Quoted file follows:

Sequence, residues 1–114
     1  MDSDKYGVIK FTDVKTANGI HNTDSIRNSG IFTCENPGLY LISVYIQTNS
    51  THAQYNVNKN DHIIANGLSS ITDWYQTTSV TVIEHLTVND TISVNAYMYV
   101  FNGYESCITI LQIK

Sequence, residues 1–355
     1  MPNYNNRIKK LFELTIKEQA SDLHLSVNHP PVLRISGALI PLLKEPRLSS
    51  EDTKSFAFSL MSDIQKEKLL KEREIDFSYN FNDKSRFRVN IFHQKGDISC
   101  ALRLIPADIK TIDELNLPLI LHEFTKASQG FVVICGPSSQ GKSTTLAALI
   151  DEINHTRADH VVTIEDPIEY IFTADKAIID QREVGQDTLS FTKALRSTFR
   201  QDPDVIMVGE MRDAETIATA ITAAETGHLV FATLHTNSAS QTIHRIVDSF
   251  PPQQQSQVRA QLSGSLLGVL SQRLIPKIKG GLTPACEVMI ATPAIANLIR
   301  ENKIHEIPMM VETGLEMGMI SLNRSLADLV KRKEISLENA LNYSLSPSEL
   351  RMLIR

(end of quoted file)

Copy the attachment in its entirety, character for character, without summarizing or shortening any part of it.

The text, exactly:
Sequence, residues 1–114
     1  MDSDKYGVIK FTDVKTANGI HNTDSIRNSG IFTCENPGLY LISVYIQTNS
    51  THAQYNVNKN DHIIANGLSS ITDWYQTTSV TVIEHLTVND TISVNAYMYV
   101  FNGYESCITI LQIK

Sequence, residues 1–355
     1  MPNYNNRIKK LFELTIKEQA SDLHLSVNHP PVLRISGALI PLLKEPRLSS
    51  EDTKSFAFSL MSDIQKEKLL KEREIDFSYN FNDKSRFRVN IFHQKGDISC
   101  ALRLIPADIK TIDELNLPLI LHEFTKASQG FVVICGPSSQ GKSTTLAALI
   151  DEINHTRADH VVTIEDPIEY IFTADKAIID QREVGQDTLS FTKALRSTFR
   201  QDPDVIMVGE MRDAETIATA ITAAETGHLV FATLHTNSAS QTIHRIVDSF
   251  PPQQQSQVRA QLSGSLLGVL SQRLIPKIKG GLTPACEVMI ATPAIANLIR
   301  ENKIHEIPMM VETGLEMGMI SLNRSLADLV KRKEISLENA LNYSLSPSEL
   351  RMLIR